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Chess’ recent surge in popularity has Netflix’s The Queen’s Gambit to thank. The series, adapted from the 1983 novel written by Walter Tevis, follows the life of Beth Harmon, a young chess prodigy who discovers the game while living in an orphanage. The show takes its name from the common game opening move—when white sacrifices a queen-side pawn.
Chess is universal: two opponents don’t even need to speak the same language to play and it can even be played remotely (by internet or even mail). When we find ourselves confined to small social bubbles and limitations to the activities we can do, why not learn to play?
The show has inspired a lot of real-life interest in the game. Svitlana Demchenko, an 17-year-old multi-winning chess champion from Ottawa says, “I had many friends and acquaintances come up to me and say that they loved the show and it made them want to learn to play.”
“To someone like myself who loves the game, it makes me really happy that the show is inspiring other people to get into chess,” says Svitlana, who has been a Canadian Women Olympiad team member at World Chess Olympiad 2018 and 2020, and was awarded the title of Woman International Master by the International Chess Federation 2019.
The captivating way the game was portrayed, Demchenko feels, is part of the show’s success and changed viewers’ perception of the game. “I think, before watching the show, most people probably viewed chess as a simple, kinda-boring board game, but the series managed to showcase the artistic side of it and all the creativity behind the competitive side of chess and, just in general, how much more there is to the game than you might think at first glance.”
The game remains vastly popular in many parts of the world, though maybe not North America—until now. Demchenko was nine when her great grandfather introduced her to the game in her native country Ukraine. The benefits of playing reads like an academic’s dream skillset. It can help develop memory, decision-making abilities, creativity, organization, responsibility, critical thinking pattern recognition, and more. “In some countries, Armenia for example, chess is taught as a compulsory class in schools, for many of its benefits to the developing brain. Chess can teach many life lessons that can be helpful with anything in life, and develop many useful skills that can be applied to other, very diverse areas,” she says.
You don’t have to belong to a club, or achieve master level to enjoy a round or two of Skittles (that’s slang for a quick, leisurely game). Not at all, Demchenko says. “While of course, winning is the main goal for many players, I think there is a lot in the game to be enjoyed apart from that.” If you want to up your chances for an End Game, read chess books, watch commentary and broadcasts. “I know many people at my local Ottawa club who have only started to play in their adult years and never played at a competitive level but have had it as a hobby for many years. To me, that’s the beauty of chess—that people can enjoy it at any point in their lives, and it’s never too late to start.”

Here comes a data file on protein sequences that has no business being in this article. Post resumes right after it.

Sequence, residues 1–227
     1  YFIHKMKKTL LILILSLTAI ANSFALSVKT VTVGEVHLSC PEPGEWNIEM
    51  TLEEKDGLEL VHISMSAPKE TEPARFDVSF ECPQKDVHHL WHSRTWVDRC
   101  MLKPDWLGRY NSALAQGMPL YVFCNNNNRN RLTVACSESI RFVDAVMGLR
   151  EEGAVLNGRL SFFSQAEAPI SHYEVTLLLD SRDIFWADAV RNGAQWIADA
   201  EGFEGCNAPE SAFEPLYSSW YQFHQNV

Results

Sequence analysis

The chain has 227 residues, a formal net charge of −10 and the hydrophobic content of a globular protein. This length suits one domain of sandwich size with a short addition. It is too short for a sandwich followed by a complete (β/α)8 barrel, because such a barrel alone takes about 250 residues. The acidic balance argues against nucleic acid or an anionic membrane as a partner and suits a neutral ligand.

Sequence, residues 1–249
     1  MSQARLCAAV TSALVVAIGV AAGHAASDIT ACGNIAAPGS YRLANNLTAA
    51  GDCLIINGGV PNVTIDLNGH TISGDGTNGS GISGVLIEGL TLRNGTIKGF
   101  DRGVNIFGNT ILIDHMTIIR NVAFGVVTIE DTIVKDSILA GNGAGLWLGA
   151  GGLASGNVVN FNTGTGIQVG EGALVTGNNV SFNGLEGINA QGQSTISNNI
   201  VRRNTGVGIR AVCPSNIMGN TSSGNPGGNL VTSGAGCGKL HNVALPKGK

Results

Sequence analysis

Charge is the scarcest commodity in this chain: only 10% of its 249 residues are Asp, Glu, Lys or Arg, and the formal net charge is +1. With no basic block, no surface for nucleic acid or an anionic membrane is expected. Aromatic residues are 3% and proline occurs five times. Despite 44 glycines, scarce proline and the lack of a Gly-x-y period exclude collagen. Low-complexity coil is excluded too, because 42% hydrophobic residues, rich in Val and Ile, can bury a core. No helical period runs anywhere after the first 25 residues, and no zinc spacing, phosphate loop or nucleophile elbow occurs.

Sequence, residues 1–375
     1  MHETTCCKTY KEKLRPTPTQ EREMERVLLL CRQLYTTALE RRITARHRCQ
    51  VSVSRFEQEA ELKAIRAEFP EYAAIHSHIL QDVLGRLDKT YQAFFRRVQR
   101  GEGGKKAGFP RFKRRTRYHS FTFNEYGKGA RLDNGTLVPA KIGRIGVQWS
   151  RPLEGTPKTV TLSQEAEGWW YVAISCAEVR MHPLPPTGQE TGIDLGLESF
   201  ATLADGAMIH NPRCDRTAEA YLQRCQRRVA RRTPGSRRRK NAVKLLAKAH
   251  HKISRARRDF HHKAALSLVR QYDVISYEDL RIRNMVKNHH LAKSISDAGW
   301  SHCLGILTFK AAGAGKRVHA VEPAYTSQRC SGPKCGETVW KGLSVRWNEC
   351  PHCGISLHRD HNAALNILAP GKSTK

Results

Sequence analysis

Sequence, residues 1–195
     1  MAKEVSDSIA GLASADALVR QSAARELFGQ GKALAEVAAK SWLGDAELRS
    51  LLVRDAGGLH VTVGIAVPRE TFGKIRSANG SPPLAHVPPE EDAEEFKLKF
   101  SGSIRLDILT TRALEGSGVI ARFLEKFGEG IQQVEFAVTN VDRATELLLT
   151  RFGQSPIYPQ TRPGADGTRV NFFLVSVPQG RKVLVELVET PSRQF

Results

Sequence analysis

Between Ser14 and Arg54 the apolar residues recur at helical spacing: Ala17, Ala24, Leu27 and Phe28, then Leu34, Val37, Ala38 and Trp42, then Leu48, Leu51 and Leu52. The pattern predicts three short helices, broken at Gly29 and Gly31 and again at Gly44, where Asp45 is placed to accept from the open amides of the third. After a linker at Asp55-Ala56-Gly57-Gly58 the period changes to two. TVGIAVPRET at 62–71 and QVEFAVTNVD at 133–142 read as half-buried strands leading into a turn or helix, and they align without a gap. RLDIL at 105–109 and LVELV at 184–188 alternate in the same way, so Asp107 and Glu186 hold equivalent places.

The object (being able to say “Check Mate” and all that) may be simple, but the game itself isn’t. A quick study could get you familiar with the rules of the game in about an hour and a half, but rising to “master” level can take years. Once you’ve got the basics, you’ll need to learn a few of the opening principles. “An opening is the beginning part of the game (the first 10-20 moves on average),” says Demchenko. “The three most common principles include: taking control of the centre of the board, developing all pieces, and making sure the king is safe. Learning to implement those three principles at the beginning of the game is a good place to start.”
There are two sides, two players, and one winner. “In chess, just as in life, there are many ups and downs,” she notes. “One of the most important life qualities I have learned is how to manage these ‘downs’ and learn from mistakes.”
If you’re looking for something new to do on long wintry nights, snow days, or during a quarantine, buy a board, and start playing. Demchenko reassures that it’s a game that anyone can play, regardless of your physicality. Whether it’s at the chess club, or right in someone’s living room, she says you’ll see opponents of “completely different ages, ethnicities, genders, physical appearances, and backgrounds, and how chess brings them all together in such a positive and inclusive environment.”
10 Facts About Chess
1. Checkmate comes from the Arabic, “Sha Mat” meaning “The king is dead (helpless).”
2. A priest invented the folding chessboard in 1125. Since he was forbidden to play, disguised the board by folding it: when placed on a shelf it simply looked like two books.
3. Kirk and Spock played chess three times on Star Trek. Who won? Kirk did—all three times.
4. The first modern chessboard with its alternating light and dark squares was created around 1090 in Europe.
5. Rookies (first-year new players) are named after the Rook.
6. The oldest known complete chess sets were found on the Isle of Lewis in northern Scotland and dated back to the 12th century. Their appearance was modelled in the wizard chess pieces in Harry Potter and the Sorcerer’s stone.
7. White always moves first.
8. In 1973 the police raided a chess tournament in Cleveland. They arrested the Tournament director and confiscated all chess sets on charges of permitting gambling (prize money) and possession of gambling devices.
9. Psychologists cite chess as an effective way to improve memory function.
10. Chess was the subject of the second book ever printed in the English language.
Feeling inspired? Don’t worry about being a rookie—just grab a board and make your first move.
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